Transfer Pricing and CFCs in Indonesia


Principal legislation

The principal transfer pricing legislation is:

  • the Indonesian Income Tax Law No. 7 of 1983, as last amended by Income Tax Law No. 36 of 2008 (ITL);
  • Government Regulation No. 74 of 2011 concerning Procedures for Implementing Rights and Obligations of Taxation Liability;
  • the Director General of Taxes Regulation No. PER-43/PJ/2010 (PER-43) as last amended by PER-32/PJ/2011 concerning the Application of the Arm’s-length Principle in Transactions Between Taxpayers and Related Parties (PER-32);
  • the Director General of Taxes Regulation No. PER-22/PJ/2013 concerning the Guidelines for Examination of Taxpayers with Related Parties (PER-22);
  • the Minister of Finance Regulation No. 240/PMK.03/2014 concerning Procedures for Implementation of the Mutual Agreement Procedures (PMK-240);
  • the Minister of Finance Regulation No. 07/PMK.03/2015 regarding Procedure for Establishment and Implementation of an Advance Pricing Agreement (PMK-07); and
  • the Minister of Finance Regulation No. 213/o3/2016 concerning Types of Documents and/or Additional Information that Must be retained by a Taxpayer who is conducting Transactions with Parties that Having a Special Relationship, and Procedure to Manage it (PMK-213); and
  • the Director General of Taxes Regulation No. PER-29/PJ/2017 concerning the Management Procedure of Country by Country Reporting (PER-29).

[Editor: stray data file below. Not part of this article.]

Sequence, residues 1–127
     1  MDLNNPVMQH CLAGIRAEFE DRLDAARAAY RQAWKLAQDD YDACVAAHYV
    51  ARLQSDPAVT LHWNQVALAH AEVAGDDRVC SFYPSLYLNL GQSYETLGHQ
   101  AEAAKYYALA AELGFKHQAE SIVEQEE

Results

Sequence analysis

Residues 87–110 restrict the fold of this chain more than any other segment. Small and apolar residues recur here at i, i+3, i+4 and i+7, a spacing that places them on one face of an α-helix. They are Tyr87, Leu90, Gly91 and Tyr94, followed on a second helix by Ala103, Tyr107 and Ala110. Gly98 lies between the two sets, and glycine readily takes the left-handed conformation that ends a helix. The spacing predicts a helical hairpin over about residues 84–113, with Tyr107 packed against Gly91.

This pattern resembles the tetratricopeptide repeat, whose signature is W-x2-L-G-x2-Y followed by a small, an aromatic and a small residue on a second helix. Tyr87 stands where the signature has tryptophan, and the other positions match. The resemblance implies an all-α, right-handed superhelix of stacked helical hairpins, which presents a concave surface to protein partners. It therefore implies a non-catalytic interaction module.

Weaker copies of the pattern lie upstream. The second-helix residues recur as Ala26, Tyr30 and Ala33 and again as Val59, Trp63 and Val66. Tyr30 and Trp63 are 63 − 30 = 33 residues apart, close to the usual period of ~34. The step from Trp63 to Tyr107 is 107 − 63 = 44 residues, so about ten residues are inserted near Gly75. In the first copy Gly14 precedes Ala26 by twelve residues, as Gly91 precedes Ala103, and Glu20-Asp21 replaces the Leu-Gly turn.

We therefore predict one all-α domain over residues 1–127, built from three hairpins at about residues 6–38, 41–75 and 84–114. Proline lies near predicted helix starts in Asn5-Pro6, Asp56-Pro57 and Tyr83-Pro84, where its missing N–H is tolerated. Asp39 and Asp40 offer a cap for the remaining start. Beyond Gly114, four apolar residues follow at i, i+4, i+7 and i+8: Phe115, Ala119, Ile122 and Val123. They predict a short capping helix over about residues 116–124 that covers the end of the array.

Enforcement agency

Transfer pricing rules are enforced by the Directorate General of Taxes (DGT) that under the Ministry of Finance of the Republic of Indonesia.

OECD guidelines

As reference for formulating Indonesian transfer pricing policy and regulation and for dispute settlement.

Covered transactions

Transfer pricing rules apply for any type transactions if the following conditions are met:

  • a ‘provision’ has been entered in to by two persons through a transaction or series of transactions;
  • the ‘special relationship condition’ is satisfied; and
  • the commercial or financial relations differs from the arm’s-length provision that would have been made between independent enterprises.

A special relationship between taxpayers may result from the dependency or the relationship of the following condition between those parties:

  • an ownership or share of equity; and
  • participation in management or technology.

In addition, related parties between individual taxpayers may also result from their relationship by blood or by marriage.

As defined in article 18 (4) Indonesian Income Tax Law and its elucidation, the special relationship is deemed to exist if:

  • the taxpayer owns capital participation directly or indirectly of at least 25 per cent of another taxpayer, the relationship between taxpayers through ownership is at least 25 per cent of two or more taxpayers, or a relationship between two or more taxpayers mentioned later;
  • a taxpayer who controls other taxpayer; or two or more taxpayers are directly or indirectly under the same control; or
  • a family relationship either through blood or through marriage within one degree of direct or indirect lineage.

Furthermore, the elucidation of article 18(4)(b) provides the more guidance, as follows.

A special relationship between taxpayers may also result from a participation in management or technology even though there is no ownership. A special relationship is deemed to exist if one or more enterprises are controlled by the same persons, or the relationship between enterprises is controlled by the same person.